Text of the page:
Graduating University of Saskatchewan student Alex Hinz. (Photo: Submitted)
Graduating University of Saskatchewan student Alex Hinz. (Photo: Submitted)

USask’s new Precision Agriculture Certificate celebrates its first cohort of graduates

Fourteen students including Alex Hinz are graduating with the new certificate at USask Spring Convocation.

By Brett Makulowich

Alex Hinz will officially receive his Bachelor of Science in Agriculture (major in Agronomy, minor in Agribusiness) plus the Certificate in Precision Agriculture at the University of Saskatchewan (USask) Spring Convocation on June 5.

The Precision Agriculture Certificate is a new program that provides USask undergraduate students the opportunity to gain knowledge and develop experiential skills in precision agriculture by leveraging competencies from their academic discipline. The program is recommended to students studying in agriculture and bioresources, engineering, computer science, environment and society, hydrology or regional and urban planning.

“I choose to pursue the new certificate since it provides hands-on learning experiences to develop skills that I could use on our own operation and to also give me a hiring advantage over other new graduates working in the industry,” said Hinz.

In the new program, students learn how to manage crops precisely to increase both production and sustainability. This includes knowledge of the technologies used in precision agriculture (satellite imagery, global positioning and information systems, big data, yield mapping, management zones) to understand what drives within-field crop yield variability from year to year.

“For agriculture, the use of technology, prescriptions, zone management, soil sampling, etc. is only going to become more and more important,” said Hinz. “Understanding the drivers of field scale variability, how to account for them, then refine, and filter data provides students competencies they need for the real world.”

Hinz’s family’s operation is near Muenster, Sask. and this growing season he is applying what he learned from the Precision Agriculture Certificate to the field.

“There is so much field scale variability in the Muenster and Humboldt area that it is difficult to associate results with product and not position be it from past management or landscape,” said Hinz. “This growing season I was able to expand on skills from the Precision Agriculture Certificate to identify the drivers within our fields and areas that would make good candidates for product trials. This will help eliminate the impact of landscape variability accounting for longer time periods.”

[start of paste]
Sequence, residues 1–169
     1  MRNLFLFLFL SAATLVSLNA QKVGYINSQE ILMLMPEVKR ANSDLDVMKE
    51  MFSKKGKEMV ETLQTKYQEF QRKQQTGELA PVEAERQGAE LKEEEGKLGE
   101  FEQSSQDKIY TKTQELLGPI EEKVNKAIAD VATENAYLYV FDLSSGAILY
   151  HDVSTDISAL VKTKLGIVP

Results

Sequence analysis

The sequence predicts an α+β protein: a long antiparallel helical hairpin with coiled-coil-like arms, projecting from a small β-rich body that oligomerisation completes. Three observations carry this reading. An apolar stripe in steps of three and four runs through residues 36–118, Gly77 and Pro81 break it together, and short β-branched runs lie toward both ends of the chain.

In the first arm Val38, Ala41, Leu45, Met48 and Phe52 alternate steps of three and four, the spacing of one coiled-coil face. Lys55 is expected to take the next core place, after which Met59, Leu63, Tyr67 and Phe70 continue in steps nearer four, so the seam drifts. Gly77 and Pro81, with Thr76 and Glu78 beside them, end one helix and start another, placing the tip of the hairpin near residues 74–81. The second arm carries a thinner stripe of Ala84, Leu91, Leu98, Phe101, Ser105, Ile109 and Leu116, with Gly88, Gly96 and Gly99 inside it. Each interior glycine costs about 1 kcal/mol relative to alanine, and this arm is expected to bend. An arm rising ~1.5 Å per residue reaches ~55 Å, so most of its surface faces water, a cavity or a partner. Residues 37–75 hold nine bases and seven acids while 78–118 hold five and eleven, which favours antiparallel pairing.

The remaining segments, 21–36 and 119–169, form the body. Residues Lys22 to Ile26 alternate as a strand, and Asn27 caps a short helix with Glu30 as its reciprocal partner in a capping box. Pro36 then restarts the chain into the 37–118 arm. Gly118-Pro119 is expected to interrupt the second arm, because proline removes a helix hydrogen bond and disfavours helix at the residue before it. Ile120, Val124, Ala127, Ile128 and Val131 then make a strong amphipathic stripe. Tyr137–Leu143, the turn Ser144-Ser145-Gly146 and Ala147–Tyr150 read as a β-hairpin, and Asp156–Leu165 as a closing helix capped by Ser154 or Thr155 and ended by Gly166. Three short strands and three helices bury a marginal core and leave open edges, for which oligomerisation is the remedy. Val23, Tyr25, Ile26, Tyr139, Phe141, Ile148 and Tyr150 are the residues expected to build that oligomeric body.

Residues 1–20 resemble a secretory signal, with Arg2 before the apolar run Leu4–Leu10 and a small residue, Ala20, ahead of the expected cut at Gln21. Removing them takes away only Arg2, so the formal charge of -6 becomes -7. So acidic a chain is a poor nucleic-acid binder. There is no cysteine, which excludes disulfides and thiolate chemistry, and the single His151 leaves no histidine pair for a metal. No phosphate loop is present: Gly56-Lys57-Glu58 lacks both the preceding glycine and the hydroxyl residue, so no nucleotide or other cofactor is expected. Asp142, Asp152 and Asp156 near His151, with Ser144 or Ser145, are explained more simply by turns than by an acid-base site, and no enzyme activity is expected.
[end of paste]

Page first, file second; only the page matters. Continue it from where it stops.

For Hinz, choosing the USask College of Agriculture and Bioresources (AgBio) for his post-secondary education was an obvious choice.

“My mom and various family members attended the College of Agriculture and Bioresources, so I grew up hearing stories of the college and their time there,” said Hinz. “As a student, the Agriculture Building always felt like home on campus. Our student lounge is one of if not the best on campus, it’s always welcoming and busy.” 

Hinz excelled academically and was the recipient of four scholarships. He also participated in co-rec sports and held the roles of councilor and academic vice-president with the Agricultural Students Association (ASA).

As the ASA academic vice-president, Hinz organized the 2024 AgBio Challenge, a student competition and networking event. During the competition, students research and create presentations to address a current challenge in agriculture, before presenting them to a panel of industry judges.

“It’s difficult to choose a favourite course during my time in AgBio, but Agronomic Soil Microbiology with Dr. Bobbi Helgason (PhD) was one of my favourite science-based courses,” said Hinz. “It’s just such a unique course, I was intrigued by the ‘why’ of soil nutrient processes within fertility. Agricultural Finance with Dr. Tristen Skolrud (PhD) was by far my favorite non-science course. I felt this class gave me the some of the most applicable knowledge to take back to the farm especially on the business front.”

Hinz plans to return to his family’s farm to take over the business. He has also considered pursuing a graduate degree in plant sciences or agricultural economics in the future.

“I want to operate true replicated field scale trials by separating a small portion of our farm to research and study,” said Hinz. “By doing so, I hope to provide concrete data to myself and other farmers about products, eliminating some of the bias or influence from factors within the field.”

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